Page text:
Withdrawal Attempt #1

I knew I ultimately needed to stop taking Klonopin.  I managed to reduce to 0.25 mg, but every time I tried cutting the pill down from 0.25 mg to 0.125 mg I developed worsening agitation, heart palpitations, and exhaustion.  My functioning at this point was clearly worse when trying to taper off of the drug than it was before I ever started taking it.

After seeking a second opinion, a second psychiatrist told me that 0.5 mg Klonopin is “nothing to worry about”.  I began to be more concerned about his opinion when I noticed, on more than one visit, him taking pills out of  a prescription bottle and popping them in his mouth  When I asked him what he was taking he said, “They’re vitamins Stephen.  I take every vitamin there is.”

Knowing that he probably had much firsthand experience taking psychotropic drugs himself, I asked for his opinion about benzodiazepines.  He said, “I personally don’t like benzos because they make me feel anxious and depressed.”  I was feeling the same way, but I didn’t know how to get off the drug.  I told him that “I think getting off this drug could be the hardest thing I do in my life.”  And he replied, “Maybe”, but did not seem concerned.

Withdrawal Attempt #2


Instead of feeling calmer on Klonopin, Stephen felt more agitated

The psychiatrist eventually told me that I could “simply stop taking the drug” if I wanted as there would “be no withdrawal from 0.5 mg of Klonopin.”  Boy was he wrong about that!  I experienced anxiety and hyperventilation like I had never experienced before in my life.  After three days and three nights of cold turkey withdrawal, I had to call it quits and get back on the Klonopin.

Subsequently, I was fortunate enough to see neuropsychiatrist, Dr. Garima Arora, who said that benzos are not suitable for long term use and “only mask symptoms.”  She stated that I would have to be tapered off 0.5 mg of Klonopin and that I could not just stop taking the drug cold turkey.   She lamented that she had seen pregnant women taking this drug, as clearly it could harmful for a developing fetus.  Unfortunately, she could not provide for any better advice for tapering off the drug.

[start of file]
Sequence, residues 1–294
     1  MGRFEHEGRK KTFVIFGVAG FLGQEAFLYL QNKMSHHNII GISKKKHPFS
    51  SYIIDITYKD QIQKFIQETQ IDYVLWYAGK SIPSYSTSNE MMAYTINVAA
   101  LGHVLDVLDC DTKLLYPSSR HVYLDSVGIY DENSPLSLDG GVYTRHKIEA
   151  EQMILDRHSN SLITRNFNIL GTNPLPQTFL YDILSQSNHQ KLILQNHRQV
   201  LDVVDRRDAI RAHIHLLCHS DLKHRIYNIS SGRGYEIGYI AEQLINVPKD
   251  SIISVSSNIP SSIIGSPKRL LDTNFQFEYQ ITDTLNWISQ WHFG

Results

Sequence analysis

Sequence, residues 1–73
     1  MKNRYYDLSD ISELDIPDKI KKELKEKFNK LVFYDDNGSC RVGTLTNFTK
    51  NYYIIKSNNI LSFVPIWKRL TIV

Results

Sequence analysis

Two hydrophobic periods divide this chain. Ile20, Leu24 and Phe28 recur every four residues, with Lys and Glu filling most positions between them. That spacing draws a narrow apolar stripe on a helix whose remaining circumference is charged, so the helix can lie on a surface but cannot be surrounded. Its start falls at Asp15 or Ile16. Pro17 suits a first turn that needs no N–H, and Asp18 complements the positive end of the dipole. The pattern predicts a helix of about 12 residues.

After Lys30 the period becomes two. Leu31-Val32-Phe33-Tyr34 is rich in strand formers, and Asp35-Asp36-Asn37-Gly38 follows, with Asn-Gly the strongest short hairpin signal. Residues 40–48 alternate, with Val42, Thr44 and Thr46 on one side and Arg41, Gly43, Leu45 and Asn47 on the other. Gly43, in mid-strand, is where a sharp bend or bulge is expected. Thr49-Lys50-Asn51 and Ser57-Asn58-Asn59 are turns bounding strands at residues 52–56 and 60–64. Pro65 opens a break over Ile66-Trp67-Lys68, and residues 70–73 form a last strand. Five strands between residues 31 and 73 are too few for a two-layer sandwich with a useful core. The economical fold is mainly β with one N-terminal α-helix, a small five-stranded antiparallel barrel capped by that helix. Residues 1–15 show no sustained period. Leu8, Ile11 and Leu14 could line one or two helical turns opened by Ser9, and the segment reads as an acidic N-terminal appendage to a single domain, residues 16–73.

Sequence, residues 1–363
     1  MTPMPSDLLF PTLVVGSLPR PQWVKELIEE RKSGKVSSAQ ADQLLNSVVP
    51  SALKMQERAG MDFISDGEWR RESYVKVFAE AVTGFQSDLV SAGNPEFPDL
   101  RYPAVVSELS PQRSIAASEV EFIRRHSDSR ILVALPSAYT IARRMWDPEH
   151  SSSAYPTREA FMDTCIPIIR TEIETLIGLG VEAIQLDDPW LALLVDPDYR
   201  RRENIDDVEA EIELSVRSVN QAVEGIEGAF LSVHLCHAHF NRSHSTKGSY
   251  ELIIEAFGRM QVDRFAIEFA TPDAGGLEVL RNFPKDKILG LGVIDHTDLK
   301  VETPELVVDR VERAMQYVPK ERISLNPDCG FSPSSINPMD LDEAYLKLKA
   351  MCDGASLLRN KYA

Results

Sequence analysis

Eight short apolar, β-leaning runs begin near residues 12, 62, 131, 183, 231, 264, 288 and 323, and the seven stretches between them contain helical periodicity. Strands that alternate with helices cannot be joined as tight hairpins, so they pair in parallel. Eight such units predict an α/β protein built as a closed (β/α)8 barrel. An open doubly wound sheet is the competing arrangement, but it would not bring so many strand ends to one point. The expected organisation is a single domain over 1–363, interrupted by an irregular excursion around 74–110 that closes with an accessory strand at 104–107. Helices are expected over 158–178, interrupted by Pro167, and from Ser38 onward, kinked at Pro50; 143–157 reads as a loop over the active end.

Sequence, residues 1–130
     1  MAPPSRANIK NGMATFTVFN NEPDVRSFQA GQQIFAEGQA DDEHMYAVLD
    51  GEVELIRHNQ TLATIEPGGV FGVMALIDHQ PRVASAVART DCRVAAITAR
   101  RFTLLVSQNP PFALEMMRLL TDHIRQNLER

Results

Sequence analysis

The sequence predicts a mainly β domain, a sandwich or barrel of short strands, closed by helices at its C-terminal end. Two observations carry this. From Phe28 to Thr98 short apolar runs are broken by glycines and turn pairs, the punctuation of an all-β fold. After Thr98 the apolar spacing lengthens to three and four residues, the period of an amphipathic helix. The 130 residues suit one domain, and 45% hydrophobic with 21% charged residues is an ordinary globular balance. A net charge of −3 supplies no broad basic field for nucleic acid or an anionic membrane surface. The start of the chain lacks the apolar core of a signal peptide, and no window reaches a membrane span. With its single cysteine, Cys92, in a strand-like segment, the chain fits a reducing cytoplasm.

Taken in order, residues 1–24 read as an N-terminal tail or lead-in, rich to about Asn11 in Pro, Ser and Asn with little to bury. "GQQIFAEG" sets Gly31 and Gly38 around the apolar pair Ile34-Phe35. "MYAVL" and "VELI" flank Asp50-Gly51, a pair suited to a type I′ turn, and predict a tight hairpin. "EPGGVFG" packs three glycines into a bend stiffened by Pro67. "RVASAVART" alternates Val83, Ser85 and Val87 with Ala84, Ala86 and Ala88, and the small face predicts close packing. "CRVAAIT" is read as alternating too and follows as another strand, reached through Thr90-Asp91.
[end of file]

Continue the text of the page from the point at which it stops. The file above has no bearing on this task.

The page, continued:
Withdrawal Attempt #2

My growing worry lead me to checking into the Menninger Psychiatric Hospital in Houston to help me withdraw from Klonopin.  Dr. Robert Albanese at the Menninger told me that he had previously spent 20 years working for the VA Hospital.  He said that his “first 10 years there were spent getting people hooked on benzos” and that his “subsequent 10 years there were spent trying to get people off benzos” because they had learned that “in the short run benzos work beautifully for anxiety, but in the long run tend to cause worsening anxiety and depression.”  He said that he had witnessed people’s depression clear after withdrawal from benzos.

Unfortunately, I was unable to successfully withdraw from Klonopin at the Menninger Hospital.  Fortunately my new therapist told me about a client of hers who “went through something similar.”  He was helped by a benzodiazepine withdrawal expert physician, Dr. Raymond Armstrong of San Antonio along with the support of the people at a nonprofit organization that helps people get off psychotropic drugs called “Point of Return”.

In a phone conversation with me, the gentleman related his hellish experience with Ativan, a benzo class drug.  He too had checked into the Menninger Psychiatric Hospital at one time after attempting to taper off Ativan too quickly.  He had become delusional and extremely anxious during this time.  Like me, he was extremely sensitive to these drugs.  After checking out of the hospital, with the help of Dr. Armstrong, he was able to successfully withdrawal from Ativan.  A few months more thereafter he fully recovered from his extreme anxiety state.  He said, “All I can say is, it’s a miracle, and I highly recommend calling Dr. Armstrong.”

Withdrawal Attempt #3

In January of this year, I became a patient of Dr. Armstrong.  He is a cardiothoracic surgeon who experienced firsthand the horrors of a protracted withdrawal from Valium in the 1970’s.  Experiencing extreme agitation himself (as if worms were crawling under his skin), he decided to try to help people in the same predicament.

subset of 1

A few people react very negatively to benzodiazepines

Dr. Armstrong says that there is a large bell curve of where people can fit in terms of their response to benzodiazepines.  He said, “On the far left end side of the curve are those lucky souls who have the constitutions of an ox and can get off benzos without too much difficulty.  On the other far right end of the curve are the most sensitive people in the world who cannot tolerate more than a 3% reduction of the drug in a week’s time.”  A 3% reduction of Klonopin (or any other benzo class drug) cannot be achieved by pill cutting.  Pill cutting does not allow for such a gradual or precise reduction.